The 2013 NL Champion Cardinals tied for the best record in baseball and set all-time records for clutch performance but failed to take the champion’s crown.
The organization many refer to as the best-run in baseball had another brilliant season in 2013. With their crop of homegrown, affordable players putting up the above-average numbers we’ve come to expect out of a Cardinals’ uniform. It was a year that’s become emblematic of the grey and red, as the team was carried to the postseason on the backs of an incredible amount of solid rookie debuts and a magnificent team-wide performance with runners in scoring position. The Cardinals young players lined the ball all over the yard at a league-leading 23.5% pace and threw smoke with the second highest average fastball velocity in baseball all the way to an NLCS title, knocking out the Dodgers in an exciting series to decide the league’s champion. The club finished 97-65, tied with Boston for the best record in the game, and with the youngest pitching staff in baseball, the team promises to sustain high levels of performance for years to come.
What Went Right?
The Cardinals set and challenged all-time records left and right all season this year. Their .330 batting average with runners in scoring position was the best the game has seen since 1950. Shelby Miller and Adam Wainwright went back to back on May 10th and 11th to set down forty straight Rockies’ batters, tying an all-time record. They set down 51 without allowing a base hit, making the feat even more incredible. Jon Jay, despite his failings, set and then ended an all-time NL errorless streak at 245 games, beating the mark that had stood since 1965. The Cardinals seemed like they were falling backward into making history throughout 2013.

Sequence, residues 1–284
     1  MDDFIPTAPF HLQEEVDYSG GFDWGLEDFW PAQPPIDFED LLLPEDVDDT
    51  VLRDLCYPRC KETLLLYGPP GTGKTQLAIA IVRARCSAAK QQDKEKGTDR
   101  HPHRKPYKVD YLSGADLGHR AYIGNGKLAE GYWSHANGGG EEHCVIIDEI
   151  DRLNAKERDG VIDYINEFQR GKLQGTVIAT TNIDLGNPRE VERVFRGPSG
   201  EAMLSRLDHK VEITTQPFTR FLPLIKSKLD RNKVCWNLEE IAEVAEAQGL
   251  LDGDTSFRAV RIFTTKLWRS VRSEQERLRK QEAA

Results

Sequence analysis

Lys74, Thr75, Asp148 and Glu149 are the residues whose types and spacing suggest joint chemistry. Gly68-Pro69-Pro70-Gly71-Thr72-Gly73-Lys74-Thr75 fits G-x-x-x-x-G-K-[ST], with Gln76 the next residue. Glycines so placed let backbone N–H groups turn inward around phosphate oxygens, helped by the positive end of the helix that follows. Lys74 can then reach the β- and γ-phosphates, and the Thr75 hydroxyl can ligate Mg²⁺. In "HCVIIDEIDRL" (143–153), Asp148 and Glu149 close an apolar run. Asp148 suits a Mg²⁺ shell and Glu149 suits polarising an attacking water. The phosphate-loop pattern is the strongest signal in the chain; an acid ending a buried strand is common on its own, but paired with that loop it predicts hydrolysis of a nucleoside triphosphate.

The team’s established core was dominant throughout the year, even outside their phenomenal performance with runners in scoring position. They were led by the Sherpa of the Mountain of Catching in Yadier Molina, who hit .319/.359/.477 as his bat continues to rise to equal the monumental value he puts up in framing and defense, to say nothing of the immeasurable value of his game-calling skills; Cardinals’ pitchers are superstitious about shaking off his pitch choices, preferring never to do so. Molina’s immeasurable contributions to the Cardinal juggernaut earned him third place in the MVP voting. The man who threw the most of those pitches was Cards’ ace Adam Wainwright, leading all of baseball with his 241.2 innings pitched, and making the most of all of them with a 2.94 ERA that underlying stats like his 2.55 FIP say was him getting some bad luck. Matt Carpenter came out of nowhere after starting his career off the bench to lead second basemen with a .318 average along with a .392 OBP. He led the MLB in runs, hits and doubles and finished just behind Yadi in the MVP vote. Allen Craig followed last year’s breakout with 134 games of .315/.373/.457 offense, and his .454 average with RISP was the best mark since Tony Gwynn in ’97, although critics’ claims that last year’s power spike was unsustainable look correct and both UZR and DRS thought fairly lowly of his defense. Carlos Beltran hit .296/.339/.491 in what looks to have been his last year with the franchise. Lance Lynn continued being great with a 3.28 FIP and 8.84 K/9. And on, and on, and on.